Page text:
I think I just read the best comic of the year.
And I encourage you to parse that statement in every manner possible…
Pax Americana, by Grant Morrison and Frank Quitely
I bought this book on my lunch hour today, and I’ve read it twice. Once forward, and once backward, as it kind of encourages you to do.
Y’know, reading this book is a bit like experiencing a four-dimensional holographic download straight into your brain.
And I definitely did a bit of that, on the second run-through. You know the sort of thing: “So he said ‘box,’ and earlier… later… on this page over here… we get an actual quantum dog, so…”
Yeah, I know I’m not making any sense.
Just roll with it.
Pax Americana is the newest chapter in Grant Morrison’s Multiversity, the big Corporate Spandex Crossover Event™ that DARES you to think Final Crisis was too “out there.” It’s a sort of quantum Rashomon, in which we see the same crisis playing out in different ways in a different alternate reality each issue. This time out, we get an Earth populated by the Charlton Comics characters, who were the inspiration for Alan Moore and Dave Gibbons’ Watchmen. So of course, Morrison has decided to tell his Charlton story in the style of the Moby Dick of super hero novels.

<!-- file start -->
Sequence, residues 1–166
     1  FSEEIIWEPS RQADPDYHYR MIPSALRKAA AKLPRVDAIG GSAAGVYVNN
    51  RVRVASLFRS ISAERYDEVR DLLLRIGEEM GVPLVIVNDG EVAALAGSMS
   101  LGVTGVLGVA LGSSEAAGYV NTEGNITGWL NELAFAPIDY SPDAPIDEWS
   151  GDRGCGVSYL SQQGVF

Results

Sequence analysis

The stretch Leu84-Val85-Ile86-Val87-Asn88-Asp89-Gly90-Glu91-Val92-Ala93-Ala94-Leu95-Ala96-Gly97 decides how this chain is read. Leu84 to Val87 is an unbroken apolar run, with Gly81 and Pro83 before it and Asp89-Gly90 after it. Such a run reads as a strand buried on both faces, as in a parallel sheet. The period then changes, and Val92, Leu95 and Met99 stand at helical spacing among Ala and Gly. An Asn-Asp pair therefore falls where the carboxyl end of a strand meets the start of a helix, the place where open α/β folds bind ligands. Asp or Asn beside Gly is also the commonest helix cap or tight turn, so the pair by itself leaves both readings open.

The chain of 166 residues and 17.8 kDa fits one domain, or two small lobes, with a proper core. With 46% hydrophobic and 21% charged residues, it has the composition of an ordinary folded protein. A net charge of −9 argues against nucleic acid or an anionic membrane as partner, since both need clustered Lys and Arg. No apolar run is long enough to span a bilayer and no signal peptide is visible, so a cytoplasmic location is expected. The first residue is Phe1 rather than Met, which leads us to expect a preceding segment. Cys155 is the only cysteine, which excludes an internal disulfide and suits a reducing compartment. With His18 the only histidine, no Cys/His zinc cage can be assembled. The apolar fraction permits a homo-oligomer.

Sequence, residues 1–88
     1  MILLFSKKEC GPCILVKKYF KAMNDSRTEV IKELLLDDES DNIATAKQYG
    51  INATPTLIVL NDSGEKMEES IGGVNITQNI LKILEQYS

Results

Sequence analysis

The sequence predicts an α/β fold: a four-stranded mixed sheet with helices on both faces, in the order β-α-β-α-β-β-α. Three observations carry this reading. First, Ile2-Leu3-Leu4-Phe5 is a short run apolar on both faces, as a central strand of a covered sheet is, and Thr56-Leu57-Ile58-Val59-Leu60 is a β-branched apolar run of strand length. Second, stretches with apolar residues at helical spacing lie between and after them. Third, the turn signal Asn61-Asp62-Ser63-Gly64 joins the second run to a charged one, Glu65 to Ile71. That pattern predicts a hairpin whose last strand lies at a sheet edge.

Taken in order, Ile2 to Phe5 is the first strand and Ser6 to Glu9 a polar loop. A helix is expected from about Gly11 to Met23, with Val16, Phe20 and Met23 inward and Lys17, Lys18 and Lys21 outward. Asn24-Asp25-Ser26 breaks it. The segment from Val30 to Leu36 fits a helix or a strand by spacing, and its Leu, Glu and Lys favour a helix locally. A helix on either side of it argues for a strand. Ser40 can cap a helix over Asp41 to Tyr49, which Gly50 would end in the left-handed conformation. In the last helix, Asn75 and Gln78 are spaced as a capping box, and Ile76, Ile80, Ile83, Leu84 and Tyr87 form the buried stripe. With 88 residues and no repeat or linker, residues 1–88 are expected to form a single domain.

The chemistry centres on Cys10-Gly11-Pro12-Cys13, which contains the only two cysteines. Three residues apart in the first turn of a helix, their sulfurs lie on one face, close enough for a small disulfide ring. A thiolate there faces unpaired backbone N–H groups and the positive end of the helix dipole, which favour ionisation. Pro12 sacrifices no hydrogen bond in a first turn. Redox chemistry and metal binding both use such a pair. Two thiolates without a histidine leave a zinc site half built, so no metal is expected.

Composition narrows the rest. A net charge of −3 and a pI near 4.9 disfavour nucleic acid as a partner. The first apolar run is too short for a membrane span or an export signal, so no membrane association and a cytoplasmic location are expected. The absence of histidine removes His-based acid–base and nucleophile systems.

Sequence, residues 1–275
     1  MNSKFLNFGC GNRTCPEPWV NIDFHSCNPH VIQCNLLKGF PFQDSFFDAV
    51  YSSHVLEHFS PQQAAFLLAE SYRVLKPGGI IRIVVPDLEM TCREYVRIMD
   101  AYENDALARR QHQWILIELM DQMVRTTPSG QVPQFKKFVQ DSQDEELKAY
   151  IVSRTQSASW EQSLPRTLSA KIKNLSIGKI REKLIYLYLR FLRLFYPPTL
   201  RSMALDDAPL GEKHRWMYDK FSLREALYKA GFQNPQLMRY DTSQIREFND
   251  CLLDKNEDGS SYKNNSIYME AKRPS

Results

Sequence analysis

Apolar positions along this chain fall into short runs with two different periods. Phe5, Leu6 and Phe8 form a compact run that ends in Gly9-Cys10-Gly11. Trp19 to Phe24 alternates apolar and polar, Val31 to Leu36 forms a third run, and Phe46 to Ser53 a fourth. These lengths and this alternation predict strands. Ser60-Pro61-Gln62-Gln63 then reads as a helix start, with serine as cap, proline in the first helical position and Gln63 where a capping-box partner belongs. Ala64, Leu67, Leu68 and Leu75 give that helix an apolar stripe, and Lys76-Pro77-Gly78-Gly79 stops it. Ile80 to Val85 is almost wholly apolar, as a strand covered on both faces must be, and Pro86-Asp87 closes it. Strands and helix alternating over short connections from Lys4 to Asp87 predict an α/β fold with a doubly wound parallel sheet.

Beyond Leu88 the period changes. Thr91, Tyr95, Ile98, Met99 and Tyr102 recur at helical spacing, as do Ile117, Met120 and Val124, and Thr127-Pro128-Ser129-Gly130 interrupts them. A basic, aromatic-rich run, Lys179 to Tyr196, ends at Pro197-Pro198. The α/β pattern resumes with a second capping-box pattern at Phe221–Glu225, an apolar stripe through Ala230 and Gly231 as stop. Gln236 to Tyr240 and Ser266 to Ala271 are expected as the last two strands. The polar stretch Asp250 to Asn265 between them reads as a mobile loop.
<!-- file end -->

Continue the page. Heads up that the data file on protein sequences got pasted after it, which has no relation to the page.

“Ballsy” might be the word.
The final result, though, really is stunning. It’s a book about Past and Future. Good and Evil. Order and Chaos. Fantasy and Reality. Faith and Skepticism. Duality and Pluralism. Formalism and the Avant-Garde. Moore and Morrison.
Now, I am not remotely prepared tonight to offer a full analysis of what Morrison and Quitely have accomplished here. There’s just too much to talk about, and it’s all swirling around in my head too wildly to lay my thoughts out in a coherent manner. But in general, I see a book that functions as both an homage and a challenge to Watchmen, honoring its themes and formalist approach while making a very different argument about storytelling and the nature of heroism. It grapples… no… engages with the spandex classic, using it as a starting point from which to do its own thing.
It’s a story of small moments. Single lines of dialogue that ripple out and echo back on themselves. Tiny panels that work as much because of what they don’t show as what they do. Page layouts that lack Watchmen‘s “fearful symmetry” but that call back to other pages in a more complex manner. And a murder mystery solved not with a big revelation but with dozens of small ones that fill in like jigsaw pieces as you read.
It lacks the depth of Watchmen, as any single issue story would have to. But the compactness of it gives it a punch, an impact, all its own. It is, as I said, stunning. I’m more than a little in awe of it right now, so this grade might be a bit premature. But at this moment, still basking in the afterglow, I’m gonna have to give it…